What are the different types of finance?

What are the different types of finance?

Financial services is a complex operating environment and a behemoth of an industry: it constitutes at least 20% of the global economy, and its impact on economic growth is vast.

From an individual running a household to a small business to a multinational organisation, understanding how to manage finances – including what money to spend, where to spend it, and how to spend it – offers a strategic edge. Those with the ability to effectively analyse and apply financial information in a practical sense are more likely to make astute decisions regarding personal and business finance. As such, there is no shortage of demand for individuals with the skills and specialist expertise in different types of financing – including public, corporate and personal finance, the three main categories – to help bolster financial decision-making in all aspects of the industry.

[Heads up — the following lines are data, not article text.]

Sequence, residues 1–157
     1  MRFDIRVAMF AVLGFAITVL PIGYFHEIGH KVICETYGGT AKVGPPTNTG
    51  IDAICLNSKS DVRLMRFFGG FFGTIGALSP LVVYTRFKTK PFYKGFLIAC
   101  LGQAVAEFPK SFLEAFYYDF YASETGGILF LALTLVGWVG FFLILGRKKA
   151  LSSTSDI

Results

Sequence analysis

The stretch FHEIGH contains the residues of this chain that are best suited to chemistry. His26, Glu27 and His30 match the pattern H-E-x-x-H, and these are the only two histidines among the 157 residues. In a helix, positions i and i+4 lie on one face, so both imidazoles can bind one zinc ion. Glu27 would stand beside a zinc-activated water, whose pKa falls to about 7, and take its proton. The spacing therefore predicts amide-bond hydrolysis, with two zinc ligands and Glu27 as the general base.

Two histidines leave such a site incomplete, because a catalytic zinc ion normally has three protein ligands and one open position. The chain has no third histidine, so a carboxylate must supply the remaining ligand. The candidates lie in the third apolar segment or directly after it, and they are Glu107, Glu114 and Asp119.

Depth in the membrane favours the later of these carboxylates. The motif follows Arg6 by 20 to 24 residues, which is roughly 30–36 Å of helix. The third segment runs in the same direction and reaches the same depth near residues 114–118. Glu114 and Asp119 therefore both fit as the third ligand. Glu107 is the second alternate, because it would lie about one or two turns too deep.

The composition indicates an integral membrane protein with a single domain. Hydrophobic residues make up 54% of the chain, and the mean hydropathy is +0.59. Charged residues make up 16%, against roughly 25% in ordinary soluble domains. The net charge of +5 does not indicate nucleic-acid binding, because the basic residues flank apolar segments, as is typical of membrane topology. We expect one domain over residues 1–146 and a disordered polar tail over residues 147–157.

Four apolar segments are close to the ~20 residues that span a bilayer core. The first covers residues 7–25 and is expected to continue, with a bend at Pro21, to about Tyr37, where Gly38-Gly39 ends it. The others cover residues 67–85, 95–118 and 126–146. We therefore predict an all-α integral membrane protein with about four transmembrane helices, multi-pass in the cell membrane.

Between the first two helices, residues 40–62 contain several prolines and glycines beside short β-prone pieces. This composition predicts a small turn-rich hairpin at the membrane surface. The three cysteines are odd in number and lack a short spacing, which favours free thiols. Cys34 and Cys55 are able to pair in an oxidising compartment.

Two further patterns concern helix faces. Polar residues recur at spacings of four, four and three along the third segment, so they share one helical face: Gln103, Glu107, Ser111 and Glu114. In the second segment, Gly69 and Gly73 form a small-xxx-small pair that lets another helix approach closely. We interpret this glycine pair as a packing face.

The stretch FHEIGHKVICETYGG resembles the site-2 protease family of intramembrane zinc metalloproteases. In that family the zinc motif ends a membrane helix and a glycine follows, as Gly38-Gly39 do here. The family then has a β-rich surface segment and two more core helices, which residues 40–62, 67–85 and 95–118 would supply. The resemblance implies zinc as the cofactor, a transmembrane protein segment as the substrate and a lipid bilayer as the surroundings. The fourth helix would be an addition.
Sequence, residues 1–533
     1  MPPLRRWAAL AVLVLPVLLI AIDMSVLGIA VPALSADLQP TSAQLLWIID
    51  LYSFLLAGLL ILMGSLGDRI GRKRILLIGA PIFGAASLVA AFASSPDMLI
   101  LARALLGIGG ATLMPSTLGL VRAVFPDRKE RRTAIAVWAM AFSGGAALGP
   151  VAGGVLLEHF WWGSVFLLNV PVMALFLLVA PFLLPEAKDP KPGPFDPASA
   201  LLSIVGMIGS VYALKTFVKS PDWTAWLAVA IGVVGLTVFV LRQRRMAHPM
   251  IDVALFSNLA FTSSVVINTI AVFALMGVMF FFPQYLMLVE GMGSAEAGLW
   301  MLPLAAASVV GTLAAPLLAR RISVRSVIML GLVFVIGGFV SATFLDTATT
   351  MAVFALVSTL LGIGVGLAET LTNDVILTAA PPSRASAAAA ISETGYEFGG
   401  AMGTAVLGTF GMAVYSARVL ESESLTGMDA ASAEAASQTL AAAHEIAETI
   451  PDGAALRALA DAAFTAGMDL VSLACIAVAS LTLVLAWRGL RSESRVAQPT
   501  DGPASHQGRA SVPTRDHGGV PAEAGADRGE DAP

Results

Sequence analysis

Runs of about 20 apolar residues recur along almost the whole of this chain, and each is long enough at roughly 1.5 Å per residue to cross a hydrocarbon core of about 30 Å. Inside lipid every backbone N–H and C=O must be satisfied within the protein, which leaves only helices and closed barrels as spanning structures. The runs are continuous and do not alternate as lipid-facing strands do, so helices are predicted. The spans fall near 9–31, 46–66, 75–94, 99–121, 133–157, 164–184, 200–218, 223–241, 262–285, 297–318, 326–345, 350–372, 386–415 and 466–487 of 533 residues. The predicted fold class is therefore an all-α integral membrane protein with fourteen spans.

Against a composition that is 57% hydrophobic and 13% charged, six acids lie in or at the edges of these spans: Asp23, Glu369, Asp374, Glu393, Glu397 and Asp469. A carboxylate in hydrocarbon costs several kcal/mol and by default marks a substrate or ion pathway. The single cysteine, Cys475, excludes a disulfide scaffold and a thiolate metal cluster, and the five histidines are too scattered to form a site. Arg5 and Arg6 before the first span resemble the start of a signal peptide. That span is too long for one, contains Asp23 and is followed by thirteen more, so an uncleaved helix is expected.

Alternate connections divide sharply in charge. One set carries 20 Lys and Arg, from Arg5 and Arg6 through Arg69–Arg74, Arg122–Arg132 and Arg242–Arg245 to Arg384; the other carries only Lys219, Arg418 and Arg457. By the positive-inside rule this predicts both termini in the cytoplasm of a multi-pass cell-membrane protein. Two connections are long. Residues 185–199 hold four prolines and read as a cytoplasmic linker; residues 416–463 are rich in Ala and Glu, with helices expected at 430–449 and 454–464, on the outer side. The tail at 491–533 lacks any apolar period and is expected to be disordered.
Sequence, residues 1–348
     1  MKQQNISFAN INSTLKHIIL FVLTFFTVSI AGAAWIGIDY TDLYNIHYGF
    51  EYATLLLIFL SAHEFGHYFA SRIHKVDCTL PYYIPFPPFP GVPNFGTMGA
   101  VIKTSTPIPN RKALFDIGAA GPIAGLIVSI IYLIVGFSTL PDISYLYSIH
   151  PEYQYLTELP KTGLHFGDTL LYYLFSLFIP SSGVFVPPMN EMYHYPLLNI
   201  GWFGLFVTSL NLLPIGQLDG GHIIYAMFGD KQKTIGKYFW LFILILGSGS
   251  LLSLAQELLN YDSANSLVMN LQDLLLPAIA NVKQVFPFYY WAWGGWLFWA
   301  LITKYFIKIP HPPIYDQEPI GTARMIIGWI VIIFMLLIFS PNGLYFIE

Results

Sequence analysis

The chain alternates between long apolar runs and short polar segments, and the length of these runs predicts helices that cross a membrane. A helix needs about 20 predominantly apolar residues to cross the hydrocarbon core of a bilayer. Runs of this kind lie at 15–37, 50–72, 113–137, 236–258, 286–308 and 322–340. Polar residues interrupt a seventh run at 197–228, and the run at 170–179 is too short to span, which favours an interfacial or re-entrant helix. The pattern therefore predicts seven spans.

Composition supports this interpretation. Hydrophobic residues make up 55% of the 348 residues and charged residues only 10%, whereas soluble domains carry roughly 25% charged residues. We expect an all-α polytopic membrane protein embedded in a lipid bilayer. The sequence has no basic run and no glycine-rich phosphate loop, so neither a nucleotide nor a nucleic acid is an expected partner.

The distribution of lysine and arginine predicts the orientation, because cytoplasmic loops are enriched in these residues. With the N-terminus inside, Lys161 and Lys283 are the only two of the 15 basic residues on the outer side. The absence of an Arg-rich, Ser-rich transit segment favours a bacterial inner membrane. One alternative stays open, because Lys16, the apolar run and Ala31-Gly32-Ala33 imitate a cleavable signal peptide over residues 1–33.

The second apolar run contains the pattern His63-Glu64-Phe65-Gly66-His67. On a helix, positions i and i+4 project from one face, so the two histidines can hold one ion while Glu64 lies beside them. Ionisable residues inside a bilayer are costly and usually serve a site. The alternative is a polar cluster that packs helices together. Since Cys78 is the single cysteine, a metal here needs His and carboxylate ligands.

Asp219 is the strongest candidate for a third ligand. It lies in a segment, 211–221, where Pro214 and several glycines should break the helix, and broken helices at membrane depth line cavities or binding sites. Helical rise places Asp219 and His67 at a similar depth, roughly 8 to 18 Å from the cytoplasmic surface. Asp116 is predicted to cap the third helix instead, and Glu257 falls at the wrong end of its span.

What is public finance?

Public finance refers to all revenue and expenditure collected by, and for, the public. It involves the financial planning and management of public funds in order to develop, grow and nurture a country’s economy, and it plays a vital role in a nation’s economic status – both domestically, and internationally. Public finance affects each and every person within a country. It relates to government expenditure, national debt, taxation and tax system, budget procedures, stabilisation policy and more.

One of the main objectives of public finance is to fulfil the basic needs of a nation’s population and maintain a healthy national balance sheet – from generating employment to maintaining the value of national currency on the international market. Other key objectives include:

  • Managing public needs, including governmental responsibilities such as the provision of shelter, food, healthcare, education and infrastructure
  • Economic development, where effective management leads to national growth
  • Removing inequality, via proper allocation of resources such as providing relief to those most in need and appropriate, mean-based taxation
  • Maintaining price stability, which is necessary to control inflation.

There are different types of public finance: public revenue; public expenditure; public debt; and financial administration: